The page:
Picturesque Perfect?

a MYTHOlogical Arcadia (or not?)

‘Does landscape photography remain encoded within the language of academic painting and the traditions of landscape art which developed during the 18th and 19th Centuries’? (Clarke, 1997, p.55)
Karen Knorr (1986) Pleasures of the Imagination: Connoisseurs

In this session, participants are encouraged to consider a historical relationship between painting and photography in the context of thier own landscape environment. They will consider ideas of the Picturesque and considerations are made as to how such visual mofifs may be culturally / visually reproduced to create a myth of the constructed land as a rural arcadia – as it is transformed into a land-scape.

Participants are encouraged to independently research the Pictorialist movement in photography and the work of Peter Henry Emerson

‘A ‘landscape’, whether cultivated or wild, is already artifice before it becomes the subject of a work of art. Even when we simply look, we are already shaping and interpreting…Landscape pictures will breed landscape pictures.’ (Andrews, 1999, p.1)
Claude Lorrain (1629-1632) Landscape with a Piping Shepherd

This Session could be run in conjunction with:

‘Whether noble, picturesque, sublime or mundane, the landscape image bears the imprint of its cultural pedigree. It is a selected and constructed text’ (Bright, 1985)
Roger Fenton (1859) Mill at Hurst Green

Aims & Outcomes:

  • To consider vernacular / stereotypical representations of the local environment / landscape
  • To investigate the relationship between painting and photography as it applies to representations of the land
  • To understand the nature of the picturesque as it applies to photographs of the land / a ‘tamed’ land
  • Participant Outcome: 1 10×8 digital print
Ingrid Pollard (1988) from Pastoral Interludes
‘The picturesque is enlisted in the definition of what the country means: it becomes a patriotic term, a touchstone of national characteristics’ (Taylor, 1994, p.25)

You will need:

  • Digital cameras for all participants (and appropriate memory cards) *This session can also be run using Camera phones or Lumix cameras
  • Card readers
  • Access to computers (or laptops)
  • Tripods
  • Flashguns if you plan to practice lighting techniques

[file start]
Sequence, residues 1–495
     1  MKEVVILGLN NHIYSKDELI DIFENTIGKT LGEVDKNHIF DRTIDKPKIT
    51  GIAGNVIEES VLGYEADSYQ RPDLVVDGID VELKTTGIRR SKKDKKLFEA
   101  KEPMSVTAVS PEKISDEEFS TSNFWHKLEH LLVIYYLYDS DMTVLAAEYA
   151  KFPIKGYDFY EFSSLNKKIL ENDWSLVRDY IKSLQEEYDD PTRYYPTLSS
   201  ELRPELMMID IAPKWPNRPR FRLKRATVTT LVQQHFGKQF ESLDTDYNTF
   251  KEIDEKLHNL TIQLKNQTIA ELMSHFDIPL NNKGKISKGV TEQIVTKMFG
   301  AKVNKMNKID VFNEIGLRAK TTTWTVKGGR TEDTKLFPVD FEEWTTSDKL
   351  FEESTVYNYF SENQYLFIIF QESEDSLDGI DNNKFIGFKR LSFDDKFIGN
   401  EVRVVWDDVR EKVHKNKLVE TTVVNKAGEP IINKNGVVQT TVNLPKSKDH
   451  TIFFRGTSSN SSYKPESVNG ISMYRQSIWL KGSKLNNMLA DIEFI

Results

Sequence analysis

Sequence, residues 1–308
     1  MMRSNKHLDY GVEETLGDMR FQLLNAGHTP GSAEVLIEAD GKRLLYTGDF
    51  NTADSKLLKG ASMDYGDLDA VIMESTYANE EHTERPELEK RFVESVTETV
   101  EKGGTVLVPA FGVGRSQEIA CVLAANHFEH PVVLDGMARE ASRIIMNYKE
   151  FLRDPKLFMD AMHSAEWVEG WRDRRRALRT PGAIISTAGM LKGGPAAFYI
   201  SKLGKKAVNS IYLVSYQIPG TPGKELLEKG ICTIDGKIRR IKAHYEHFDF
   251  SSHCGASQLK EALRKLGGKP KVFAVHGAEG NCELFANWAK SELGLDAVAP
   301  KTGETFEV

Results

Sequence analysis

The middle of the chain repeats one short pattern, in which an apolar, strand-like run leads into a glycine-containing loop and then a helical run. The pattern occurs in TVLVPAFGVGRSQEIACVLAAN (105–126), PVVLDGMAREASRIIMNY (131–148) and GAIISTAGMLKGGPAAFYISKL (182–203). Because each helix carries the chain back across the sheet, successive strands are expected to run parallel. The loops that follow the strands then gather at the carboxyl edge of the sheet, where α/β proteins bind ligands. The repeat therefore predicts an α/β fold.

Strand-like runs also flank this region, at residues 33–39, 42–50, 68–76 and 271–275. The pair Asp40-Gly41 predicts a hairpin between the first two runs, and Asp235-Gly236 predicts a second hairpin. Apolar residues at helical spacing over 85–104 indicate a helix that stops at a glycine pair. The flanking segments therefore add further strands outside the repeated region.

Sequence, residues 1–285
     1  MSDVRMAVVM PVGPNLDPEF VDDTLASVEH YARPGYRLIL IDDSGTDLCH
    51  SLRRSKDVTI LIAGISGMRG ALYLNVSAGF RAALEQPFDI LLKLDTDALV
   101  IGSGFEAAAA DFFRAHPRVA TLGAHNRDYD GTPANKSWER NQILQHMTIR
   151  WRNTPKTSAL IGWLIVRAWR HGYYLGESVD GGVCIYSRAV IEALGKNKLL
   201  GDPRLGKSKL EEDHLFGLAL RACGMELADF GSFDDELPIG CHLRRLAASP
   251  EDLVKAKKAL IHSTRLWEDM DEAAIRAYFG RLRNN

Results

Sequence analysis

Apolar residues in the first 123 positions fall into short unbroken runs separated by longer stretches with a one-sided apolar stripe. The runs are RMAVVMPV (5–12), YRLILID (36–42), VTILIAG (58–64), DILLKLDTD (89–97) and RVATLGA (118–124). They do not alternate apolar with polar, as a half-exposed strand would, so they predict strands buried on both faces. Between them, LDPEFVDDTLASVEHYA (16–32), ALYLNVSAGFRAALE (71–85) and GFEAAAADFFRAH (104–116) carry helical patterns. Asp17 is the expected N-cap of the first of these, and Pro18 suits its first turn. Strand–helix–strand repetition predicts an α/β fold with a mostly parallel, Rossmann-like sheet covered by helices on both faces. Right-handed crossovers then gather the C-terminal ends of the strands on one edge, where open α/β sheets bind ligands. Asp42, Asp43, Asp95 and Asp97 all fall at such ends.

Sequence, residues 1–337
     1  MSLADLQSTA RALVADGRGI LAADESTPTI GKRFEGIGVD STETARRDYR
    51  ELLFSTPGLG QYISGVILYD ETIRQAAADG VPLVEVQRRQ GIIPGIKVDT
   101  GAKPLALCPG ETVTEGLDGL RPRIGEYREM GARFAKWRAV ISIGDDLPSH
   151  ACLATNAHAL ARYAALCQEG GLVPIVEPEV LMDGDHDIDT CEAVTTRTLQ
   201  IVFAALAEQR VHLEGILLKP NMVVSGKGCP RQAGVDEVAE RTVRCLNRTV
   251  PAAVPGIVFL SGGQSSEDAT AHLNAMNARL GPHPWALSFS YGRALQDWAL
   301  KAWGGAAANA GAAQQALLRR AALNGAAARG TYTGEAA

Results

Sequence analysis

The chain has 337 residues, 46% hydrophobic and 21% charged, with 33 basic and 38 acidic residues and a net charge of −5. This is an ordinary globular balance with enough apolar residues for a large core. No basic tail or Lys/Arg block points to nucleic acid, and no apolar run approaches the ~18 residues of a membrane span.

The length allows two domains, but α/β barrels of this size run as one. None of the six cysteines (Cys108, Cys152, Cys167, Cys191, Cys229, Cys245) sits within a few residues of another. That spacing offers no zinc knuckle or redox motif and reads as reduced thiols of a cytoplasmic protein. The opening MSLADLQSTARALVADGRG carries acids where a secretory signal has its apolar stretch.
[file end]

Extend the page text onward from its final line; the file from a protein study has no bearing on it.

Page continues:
• An Introductory Brief & Presentation (below) for participants to outline the ideas and provide examples
  • A booked room to critique participants work (either via a projector or via print)
  • Blue tack to pin the work
  • Costings and Risk Assessments
Uta Kogelsberger (2007) from Picturing Paradise
‘The act of naming is an act of taming. From its inception photography has been involved in investigating and detailing environments, helping culture to appropriate nature’ (Wells, 2011, p.3)

Research: Pictorialism & work of Peter Henry Emerson

Preparation Work:

  • Ask participants to read Fergus Heron (2018) ‘Built Worlds: Photography, Landscape &. Different Natures’ from Photography & Landscape / The Photographers Gallery available here
  • Ask participants to watch Jem Southam in Conversation (2014) from the onLandscape Conference / Green Room available here
  • Ask participants if they have thier own digital cameras and cards
  • Make sure you have access to computers / image editing software
  • Make sure there are enough team members to support participants (never assume thier prior knowledge)
  • Decide whether you will project the work or print it.
  • If you are printing it make sure the Photo Lab are aware and be aware of timekeeping so they have space to print the work.
  • *If you are running this session off campus, make sure there is access to printers or projectors
Takashi Yasumura (2003) from Nature Tracing
‘It is no longer a question of imitation, nor duplication, nor even parody. It is a question of substituting the signs of the real for the real’ (Baudrillard, 1994, p.2)

Presentation Ideas: A mythologicAL Arcadia (or not?)

suggested Session Outline: